• IronCatch is the only oral food supplement which can guarantee an increase of syderemia and ferritinemia by 50% in only 30 days' time, in all of the people using it including men, women, and children where they suffer from Syderopenia and anemia. Other oral iron supplements can take as long as 90-120 days to show effects and even then they don't work at all in a lot of people.
    • IronCatch is highly recommended for women in pregnancy and during breast feeding.
    • There is absolutely no need to add iron to the diet because normal foods contain iron enough for everyone. A very important point, which most doctors are not aware of, is that the iron content in foods correlates in general with their caloric value, namely 6-7 mg of iron per 1000 Kcal . The problem is that this quantity of iron is not usually absorbed. Iron Catch increases by far the captation of iron by certain intestinal mucosal cells, which then transfer the iron to the blood.
    • IronCatch greatly increases "non heme" iron absorbsion which represents the iron most widely found in foods, but is more difficult to absorb.
    • IronCatch is ideal for all people suffering from syderemia who want to have results in as little as 30 days or less.

    IronCatch is the only practical solution for all those people for whom iron supplementation is highly contraindicated.

    We highly recommend this product and would like to know how it works for you if you try it.

    Read Dr. Sherrill Sellman's article on IronCatch in the November issue of TotalHealth: IronCatch: The First Iron-Free Solution for Iron Deficiency

    Website: https://www.iron-catch.com/

  • Have you noticed that you haven't been feeling your normal energetic self lately? Perhaps you have been experiencing symptoms which include fatigue, dizziness, headaches, difficulty concentrating, heart palpitations, sensitivity to the cold, pale skin color, brittle nails, dry hair, cracks on the sides of your mouth, swelling or soreness of the tongue and mouth, or shortness of breath.

    These symptoms could be a sign that you are iron deficient. You may be surprised to learn that iron deficiency is the most common and widespread nutritional deficiency in the world. It is estimated that two billion people are anemic, many due to iron deficiency.

    Who is at Risk?
    Why is iron deficiency such a worldwide problem? As it turns out many health conditions can seriously deplete iron levels. Iron deficiency is especially prevalent amongst menstruating women or women who have excessive blood loss from heavy periods, pregnant and postpartum women, people with conditions that cause internal bleeding, vegans and vegetarians, children, athletes, and the elderly.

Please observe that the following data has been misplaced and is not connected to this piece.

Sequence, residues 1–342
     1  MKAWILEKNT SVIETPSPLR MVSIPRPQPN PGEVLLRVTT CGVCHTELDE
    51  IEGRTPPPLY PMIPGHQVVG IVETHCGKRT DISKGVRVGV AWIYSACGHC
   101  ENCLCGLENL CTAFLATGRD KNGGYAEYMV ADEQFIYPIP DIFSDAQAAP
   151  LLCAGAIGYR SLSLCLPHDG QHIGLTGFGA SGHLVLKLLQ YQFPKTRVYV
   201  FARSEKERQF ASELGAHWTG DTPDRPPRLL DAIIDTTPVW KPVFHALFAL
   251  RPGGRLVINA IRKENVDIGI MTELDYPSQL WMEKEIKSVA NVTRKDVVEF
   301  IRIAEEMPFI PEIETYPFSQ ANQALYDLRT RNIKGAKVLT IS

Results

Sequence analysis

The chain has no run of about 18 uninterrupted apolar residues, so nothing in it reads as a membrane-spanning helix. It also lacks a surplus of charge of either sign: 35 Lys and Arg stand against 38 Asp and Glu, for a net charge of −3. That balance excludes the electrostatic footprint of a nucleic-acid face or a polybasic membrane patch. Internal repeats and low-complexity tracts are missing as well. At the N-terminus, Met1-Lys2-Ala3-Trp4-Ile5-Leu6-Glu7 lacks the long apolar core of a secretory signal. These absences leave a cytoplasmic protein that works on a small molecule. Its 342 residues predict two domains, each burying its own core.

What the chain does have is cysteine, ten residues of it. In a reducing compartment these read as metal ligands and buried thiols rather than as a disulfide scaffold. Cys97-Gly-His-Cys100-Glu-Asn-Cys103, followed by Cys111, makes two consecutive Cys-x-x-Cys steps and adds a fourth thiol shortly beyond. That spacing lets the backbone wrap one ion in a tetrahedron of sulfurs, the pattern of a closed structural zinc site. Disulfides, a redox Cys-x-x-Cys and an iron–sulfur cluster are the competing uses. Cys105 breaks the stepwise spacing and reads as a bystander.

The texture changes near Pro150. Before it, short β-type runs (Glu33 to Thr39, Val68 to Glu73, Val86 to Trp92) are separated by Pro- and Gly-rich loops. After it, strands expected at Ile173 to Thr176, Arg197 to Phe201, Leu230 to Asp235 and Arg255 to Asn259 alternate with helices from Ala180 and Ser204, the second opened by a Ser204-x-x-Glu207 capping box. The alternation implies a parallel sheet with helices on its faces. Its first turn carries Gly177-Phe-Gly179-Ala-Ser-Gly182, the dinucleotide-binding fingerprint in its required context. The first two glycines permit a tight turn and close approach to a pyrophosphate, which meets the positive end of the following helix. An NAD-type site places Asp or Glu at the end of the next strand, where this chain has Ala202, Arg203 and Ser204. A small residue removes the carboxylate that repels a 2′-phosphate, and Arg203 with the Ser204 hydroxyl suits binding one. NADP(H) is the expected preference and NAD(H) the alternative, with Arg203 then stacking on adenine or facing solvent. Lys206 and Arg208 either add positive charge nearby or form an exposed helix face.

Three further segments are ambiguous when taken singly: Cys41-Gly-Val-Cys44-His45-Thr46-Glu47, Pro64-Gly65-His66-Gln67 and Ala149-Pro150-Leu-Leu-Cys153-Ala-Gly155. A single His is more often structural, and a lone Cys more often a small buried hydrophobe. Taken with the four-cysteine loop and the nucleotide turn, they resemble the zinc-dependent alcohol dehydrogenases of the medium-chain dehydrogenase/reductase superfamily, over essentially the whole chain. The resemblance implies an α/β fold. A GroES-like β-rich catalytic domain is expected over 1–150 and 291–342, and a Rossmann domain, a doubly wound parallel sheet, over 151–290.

iron deficiency menstruationIn addition, anyone having intestinal health issues such as leaky gut, ulcerative colitis, Irritable Bowel Syndrome, Celiac disease or ulcers are especially vulnerable to low iron levels because of a compromised ability to absorb adequate iron from their diet.

    Rheumatoid arthritis and anemia are connected. RA can be associated with different types of anemia, including anemia of chronic inflammation and iron deficiency anemia. When you have an RA flare-up, the immune response causes inflammation in the joints and other tissues. Chronic inflammation can lower the production of red blood cells in your bone marrow. This can lead to the release of certain proteins that affect how the body uses iron.

    What Causes Iron Deficiency?
    Deficiency occurs when the body doesn't have enough of these vital minerals. Iron is essential in order to make hemoglobin, which is a protein in your red blood cells that carries oxygen to your body's organs and tissues and transports carbon dioxide from your organs and tissues back to your lungs.

    When iron intake is chronically low, stores can become depleted, decreasing hemoglobin levels and leading to abnormally low levels of red blood cells. If your body doesn't have enough hemoglobin, your tissues and muscles become starved of oxygen and are unable to function effectively.

    There are two forms of dietary iron: heme iron and non-heme iron. Heme iron is the type of iron that comes from animal proteins such as red meat, pork, poultry and seafood. Non-heme iron, by contrast, is found in plant-based foods like grains, beans, dark green leafy vegetables, fruits, nuts, and seeds.

    Heme iron is typically absorbed at a rate of 7-35 percent, while non-heme iron is typically absorbed at a rate of 2-20 percent. You can see that even though there is better overall absorption of heme iron, there is also a fairly large range of absorption regardless of the type of iron involved.